Alarming False Information Regarding Tinnitus And Other Hearing Problems

Man looking up information on tinnitus in social media on his cell phone.

You could be opening yourself to startling misinformation regarding tinnitus or other hearing problems without ever realizing it. This according to recent research published in The Hearing Journal. Allot more people suffer from tinnitus than you might realize. One out of 5 Americans struggles with tinnitus, so it’s essential to make sure people have reliable, correct information. The internet and social media, sadly, are full of this kind of misinformation according to a new study.

Finding Information Regarding Tinnitus on Social Media

If you’re looking into tinnitus, or you have joined a tinnitus support community online, you’re not alone. A great place to build a community is on social media. But making sure information is displayed truthfully is not well regulated. According to one study:

  • Out of all Twitter accounts, 34% had what was categorized as misinformation
  • 44% of public Facebook groups had misinformation
  • There is misinformation in 30% of YouTube videos

This quantity of misinformation can be an overwhelming obstacle for anyone diagnosed with tinnitus: The misinformation provided is often enticing and checking facts can be time consuming. We want to believe it.

What Is Tinnitus?

Tinnitus is a common medical condition in which the person suffering hears a buzzing or ringing in one’s ears. If this buzzing or ringing persists for more than six months, it is called chronic tinnitus.

Tinnitus And Hearing Loss, Common Misinformation

Many of these mistruths and myths, of course, are not invented by social media and the internet. But spreading the misinformation is made easier with these tools. A trusted hearing professional should always be consulted with any concerns you have about tinnitus.

Why this misinformation spreads and how it can be challenged can be better comprehended by debunking some examples of it.

  • If you’re deaf, you have tinnitus and if you have tinnitus, you will lose your hearing: The connection between loss of hearing and tinnitus is real but it’s not universal. There are some medical concerns which could cause tinnitus but otherwise leave your hearing intact.
  • Tinnitus isn’t improved by hearing aids: Because tinnitus manifests as a certain kind of ringing or buzzing in the ears, many people believe that hearing aids won’t be helpful. Your tinnitus can be successfully managed by modern hearing aids.
  • Loud noises are the only trigger of tinnitus: The precise causes of tinnitus are not really perfectly understood or recorded. It’s true that extremely extreme or long term noise exposure can cause tinnitus. But tinnitus can also be linked to other things like genetics, traumatic brain injury, and other factors.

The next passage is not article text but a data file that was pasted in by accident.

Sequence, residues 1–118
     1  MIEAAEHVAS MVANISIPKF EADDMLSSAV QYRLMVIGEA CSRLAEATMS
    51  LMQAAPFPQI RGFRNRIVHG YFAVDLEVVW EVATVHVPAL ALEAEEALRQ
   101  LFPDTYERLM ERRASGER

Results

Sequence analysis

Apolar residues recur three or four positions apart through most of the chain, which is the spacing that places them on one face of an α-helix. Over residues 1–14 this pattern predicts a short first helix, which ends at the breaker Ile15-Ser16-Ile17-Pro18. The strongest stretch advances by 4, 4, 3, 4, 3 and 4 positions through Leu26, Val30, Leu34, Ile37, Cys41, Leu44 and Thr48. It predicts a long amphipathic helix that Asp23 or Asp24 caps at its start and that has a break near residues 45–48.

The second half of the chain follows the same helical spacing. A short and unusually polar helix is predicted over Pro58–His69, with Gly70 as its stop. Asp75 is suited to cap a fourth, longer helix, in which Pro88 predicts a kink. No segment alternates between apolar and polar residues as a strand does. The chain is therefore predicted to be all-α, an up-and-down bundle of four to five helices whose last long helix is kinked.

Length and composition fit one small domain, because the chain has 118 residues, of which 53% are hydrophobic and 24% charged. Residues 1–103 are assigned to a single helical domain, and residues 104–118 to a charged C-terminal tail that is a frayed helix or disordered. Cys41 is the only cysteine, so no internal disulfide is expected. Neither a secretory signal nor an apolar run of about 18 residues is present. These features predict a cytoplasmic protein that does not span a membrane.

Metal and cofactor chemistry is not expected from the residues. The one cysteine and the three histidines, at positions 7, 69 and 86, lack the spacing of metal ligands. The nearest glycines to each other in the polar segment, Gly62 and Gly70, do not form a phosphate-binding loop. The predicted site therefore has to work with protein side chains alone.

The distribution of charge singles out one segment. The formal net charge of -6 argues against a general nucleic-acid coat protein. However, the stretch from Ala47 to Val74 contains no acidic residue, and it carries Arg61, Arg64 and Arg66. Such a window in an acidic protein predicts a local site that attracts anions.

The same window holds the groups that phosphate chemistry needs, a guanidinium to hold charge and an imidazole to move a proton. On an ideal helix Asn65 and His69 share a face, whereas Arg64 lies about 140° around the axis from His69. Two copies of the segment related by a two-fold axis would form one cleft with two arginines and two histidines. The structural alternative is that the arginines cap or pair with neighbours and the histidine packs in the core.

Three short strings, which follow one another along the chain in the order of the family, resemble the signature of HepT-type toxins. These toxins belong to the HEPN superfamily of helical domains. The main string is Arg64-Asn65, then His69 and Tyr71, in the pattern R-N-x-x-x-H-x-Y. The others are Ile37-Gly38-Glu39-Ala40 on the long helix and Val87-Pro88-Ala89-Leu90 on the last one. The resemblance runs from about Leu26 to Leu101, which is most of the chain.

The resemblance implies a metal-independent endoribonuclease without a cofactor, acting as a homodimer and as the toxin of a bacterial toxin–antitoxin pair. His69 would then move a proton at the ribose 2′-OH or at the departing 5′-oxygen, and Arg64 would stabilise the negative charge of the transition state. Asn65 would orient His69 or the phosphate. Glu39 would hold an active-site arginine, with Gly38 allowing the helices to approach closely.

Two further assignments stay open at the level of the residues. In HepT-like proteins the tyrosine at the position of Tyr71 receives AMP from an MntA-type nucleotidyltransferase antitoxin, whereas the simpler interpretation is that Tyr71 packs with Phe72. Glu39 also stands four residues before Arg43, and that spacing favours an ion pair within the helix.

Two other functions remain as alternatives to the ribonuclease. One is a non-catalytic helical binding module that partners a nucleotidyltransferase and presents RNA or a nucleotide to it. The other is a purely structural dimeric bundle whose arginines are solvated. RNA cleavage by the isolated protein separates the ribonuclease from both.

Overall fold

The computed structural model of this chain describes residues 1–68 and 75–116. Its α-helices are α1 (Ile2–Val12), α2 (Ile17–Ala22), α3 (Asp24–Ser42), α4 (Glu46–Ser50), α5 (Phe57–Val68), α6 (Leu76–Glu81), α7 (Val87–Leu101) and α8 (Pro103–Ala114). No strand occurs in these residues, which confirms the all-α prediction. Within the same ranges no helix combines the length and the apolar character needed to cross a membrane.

• Tinnitus can be cured: The desires of those with tinnitus are exploited by the most common kinds of this misinformation. There isn’t a “miracle pill” cure for tinnitus. You can, however, successfully manage your symptoms and retain a high quality of life with treatment.
  • Changes in diet will restore your hearing: It’s true that your tinnitus can be exacerbated by certain lifestyle changes (for many drinking anything that contains caffeine can make it worse, for example). And there may be some foods that can temporarily diminish symptoms. But there is no diet or lifestyle change that will “cure” tinnitus for good.

How to Uncover Truthful Facts About Your Hearing Issues

Stopping the spread of misinformation is incredibly important, both for new tinnitus sufferers and for people who are already well accustomed to the symptoms. To shield themselves from misinformation there are a few steps that people can take.

  • If the information appears hard to believe, it probably isn’t true. You probably have a case of misinformation if a website or media post professes a miracle cure.
  • Look for sources: Try to determine what the sources of information are. Are there hearing specialists or medical professionals involved? Do dependable sources document the information?
  • Check with a hearing specialist or medical professional: If all else fails, run the information that you found by a trusted hearing specialist (if possible one acquainted with your situation) to find out if there is any credibility to the claims.

The astrophysicist Carl Sagan once said something both simple and profound: “Extraordinary claims require extraordinary proof.” acute critical thinking skills are your best defense against Startling misinformation concerning tinnitus and other hearing issues at least until social media platforms more carefully separate information from misinformation

If you have found some information that you are unsure of, set up an appointment with a hearing care specialist.

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